‘Empress’, I think, is perhaps the best performer with numerous clusters of flowers and a dense, shrubby growth habit. In multiple locations, ‘Empress’ performs best with more sun. In the shade of a low branched redbud, stems flop and flowering is weak. This is my pick for the best if only one toad lily can fit into the garden. It will encourage you to try more.

Note – there are many more toad lilies in the garden than are shown here. ‘Gilt Edge’, above, begins flowering in early August, and is almost finished now. Others are just starting to flower. Judge for yourself if the flowers shown here vary significantly. I see variations in flowers and the growth habit of all of this group, but with some others the differences are minimal.

8 Comments Add yours

  1. tonytomeo says:

    It is such a bad habit! It usually starts out well, but then easily gets out of control. That is how my yuccas started. I justified them because they kept the deer away. Then, I procured too many that do not do well here. It made no sense at that point.

    1. Dave says:

      This is my only luxury. Otherwise, I am very tight with my spending. I think of all the foolish things I could waste money on, and I’m comfortable that spending money on plants is not such a bad thing.

      1. tonytomeo says:

        You know, I sort of feel the same way. I sometimes feel guilty. Actually, I often feel guilty. However, it is so much less expensive that what most people do for fun.

  2. The English Gardener says:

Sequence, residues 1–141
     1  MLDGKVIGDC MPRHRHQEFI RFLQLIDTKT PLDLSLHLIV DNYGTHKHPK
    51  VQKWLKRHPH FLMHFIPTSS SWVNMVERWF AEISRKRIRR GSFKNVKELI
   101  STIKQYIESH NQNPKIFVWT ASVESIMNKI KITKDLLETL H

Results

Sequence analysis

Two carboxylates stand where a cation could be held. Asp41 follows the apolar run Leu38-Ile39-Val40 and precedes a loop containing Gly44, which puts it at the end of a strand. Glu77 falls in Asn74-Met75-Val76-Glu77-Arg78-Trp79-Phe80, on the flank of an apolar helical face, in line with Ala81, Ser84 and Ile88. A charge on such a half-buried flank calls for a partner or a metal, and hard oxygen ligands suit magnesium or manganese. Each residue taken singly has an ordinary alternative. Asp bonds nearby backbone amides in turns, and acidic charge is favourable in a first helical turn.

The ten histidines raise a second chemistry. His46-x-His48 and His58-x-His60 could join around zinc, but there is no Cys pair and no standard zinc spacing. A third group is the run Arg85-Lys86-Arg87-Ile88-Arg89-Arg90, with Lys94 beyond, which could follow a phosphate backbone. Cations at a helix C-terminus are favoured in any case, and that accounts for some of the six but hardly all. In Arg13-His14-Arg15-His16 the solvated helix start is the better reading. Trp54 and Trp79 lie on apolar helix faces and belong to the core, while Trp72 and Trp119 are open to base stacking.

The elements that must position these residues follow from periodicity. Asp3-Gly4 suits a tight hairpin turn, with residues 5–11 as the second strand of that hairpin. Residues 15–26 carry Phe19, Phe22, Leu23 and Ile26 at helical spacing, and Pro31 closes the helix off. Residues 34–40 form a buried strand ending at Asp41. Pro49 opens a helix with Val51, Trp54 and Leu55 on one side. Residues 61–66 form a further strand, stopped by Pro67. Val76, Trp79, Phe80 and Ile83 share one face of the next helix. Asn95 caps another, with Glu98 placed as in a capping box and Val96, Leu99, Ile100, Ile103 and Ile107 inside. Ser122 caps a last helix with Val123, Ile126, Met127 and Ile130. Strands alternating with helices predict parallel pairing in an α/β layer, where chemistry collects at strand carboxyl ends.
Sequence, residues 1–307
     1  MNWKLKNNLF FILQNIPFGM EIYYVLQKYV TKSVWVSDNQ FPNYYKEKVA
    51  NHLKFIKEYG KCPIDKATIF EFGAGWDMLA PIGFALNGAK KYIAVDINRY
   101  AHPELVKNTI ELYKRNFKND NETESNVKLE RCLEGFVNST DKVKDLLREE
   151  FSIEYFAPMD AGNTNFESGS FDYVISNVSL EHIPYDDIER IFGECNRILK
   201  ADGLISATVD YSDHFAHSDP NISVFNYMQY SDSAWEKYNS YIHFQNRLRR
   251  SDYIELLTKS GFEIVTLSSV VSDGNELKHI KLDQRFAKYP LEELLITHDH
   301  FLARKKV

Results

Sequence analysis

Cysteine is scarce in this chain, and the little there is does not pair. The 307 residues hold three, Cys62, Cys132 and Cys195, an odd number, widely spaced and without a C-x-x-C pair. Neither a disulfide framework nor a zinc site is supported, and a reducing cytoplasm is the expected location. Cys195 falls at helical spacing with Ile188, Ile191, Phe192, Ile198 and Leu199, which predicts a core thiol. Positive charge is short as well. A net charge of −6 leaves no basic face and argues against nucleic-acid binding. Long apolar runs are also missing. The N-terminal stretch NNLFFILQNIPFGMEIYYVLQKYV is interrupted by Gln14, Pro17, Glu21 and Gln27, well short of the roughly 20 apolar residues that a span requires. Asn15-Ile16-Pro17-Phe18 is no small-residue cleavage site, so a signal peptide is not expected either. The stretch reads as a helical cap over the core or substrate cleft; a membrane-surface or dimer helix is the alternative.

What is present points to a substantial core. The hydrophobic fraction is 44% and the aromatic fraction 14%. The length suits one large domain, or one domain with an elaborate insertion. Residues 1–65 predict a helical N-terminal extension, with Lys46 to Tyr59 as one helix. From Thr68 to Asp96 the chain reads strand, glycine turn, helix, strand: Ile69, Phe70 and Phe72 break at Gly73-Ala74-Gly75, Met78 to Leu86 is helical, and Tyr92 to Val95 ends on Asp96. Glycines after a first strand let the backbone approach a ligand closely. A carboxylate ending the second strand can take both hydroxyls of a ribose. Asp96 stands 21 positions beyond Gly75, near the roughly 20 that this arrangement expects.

I have never seen a toad lily up close before last week until one was brought to a lecture at my Garden Club. My immediate thoughts went to you as you obviously have a love of these and you talk about them and frequently post photos. Thereby leaving me wondering what on earth do these look like?
    I now understand! To me they appeared as big butterflies whirling about and I must have some. One of the other members also mentioned your collection.
    Because I now mostly visit big box garden center as my two closest Meadows farms garden centers closed down, I don’t see unique plants.
    Where did your original supply of toad lillies come from? Have you ever bought them online?
    Thanks always for the beautiful photos.
    The English Gardner

    1. Dave says:

      I prefer one gallon pots that require less attention, but cultivars are limited except through mailorder growers. I’ve had good success with Far Reaches and Edelweiss nurseries for toad lilies and other out of the ordinary perennials.

      1. The English Gardener says:

        Thank you.
        I will do way more research in terms of their care before I venture into purchase as I also tend to put things where they don’t belong just to fill up spaces and satisfy my need to plant, plant plant.

        The English Gardener

      2. Dave says:

        At least in my experience, toad lilies are one of the easier plants. In a few winters with late freezes early growth in April was killed to the ground. A few weeks later the plants had rebounded completely, with their usual vigor. Part sun and dry soil are the preferred conditions from my observation.

  3. C says:

    I never tire of your posts on Toad Lilies. Although, I am saddened when you report pulling and tossing the excesses into the compost heap.

    These wonderful perennials are an obvious delight for you and a beautiful display to behold.

    Thank you for walking me through your gardens vicariously. Enjoy!